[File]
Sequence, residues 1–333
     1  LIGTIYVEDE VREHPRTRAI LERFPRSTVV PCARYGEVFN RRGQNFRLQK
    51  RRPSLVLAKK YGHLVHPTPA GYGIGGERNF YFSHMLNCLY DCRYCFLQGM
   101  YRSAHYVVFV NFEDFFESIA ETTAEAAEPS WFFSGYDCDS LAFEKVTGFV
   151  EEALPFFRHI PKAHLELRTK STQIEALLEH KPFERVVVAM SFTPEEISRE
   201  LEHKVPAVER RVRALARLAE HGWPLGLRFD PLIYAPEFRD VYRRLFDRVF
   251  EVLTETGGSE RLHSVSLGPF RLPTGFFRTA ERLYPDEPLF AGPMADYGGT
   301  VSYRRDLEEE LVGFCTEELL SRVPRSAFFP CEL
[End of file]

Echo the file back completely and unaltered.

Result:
Sequence, residues 1–333
     1  LIGTIYVEDE VREHPRTRAI LERFPRSTVV PCARYGEVFN RRGQNFRLQK
    51  RRPSLVLAKK YGHLVHPTPA GYGIGGERNF YFSHMLNCLY DCRYCFLQGM
   101  YRSAHYVVFV NFEDFFESIA ETTAEAAEPS WFFSGYDCDS LAFEKVTGFV
   151  EEALPFFRHI PKAHLELRTK STQIEALLEH KPFERVVVAM SFTPEEISRE
   201  LEHKVPAVER RVRALARLAE HGWPLGLRFD PLIYAPEFRD VYRRLFDRVF
   251  EVLTETGGSE RLHSVSLGPF RLPTGFFRTA ERLYPDEPLF AGPMADYGGT
   301  VSYRRDLEEE LVGFCTEELL SRVPRSAFFP CEL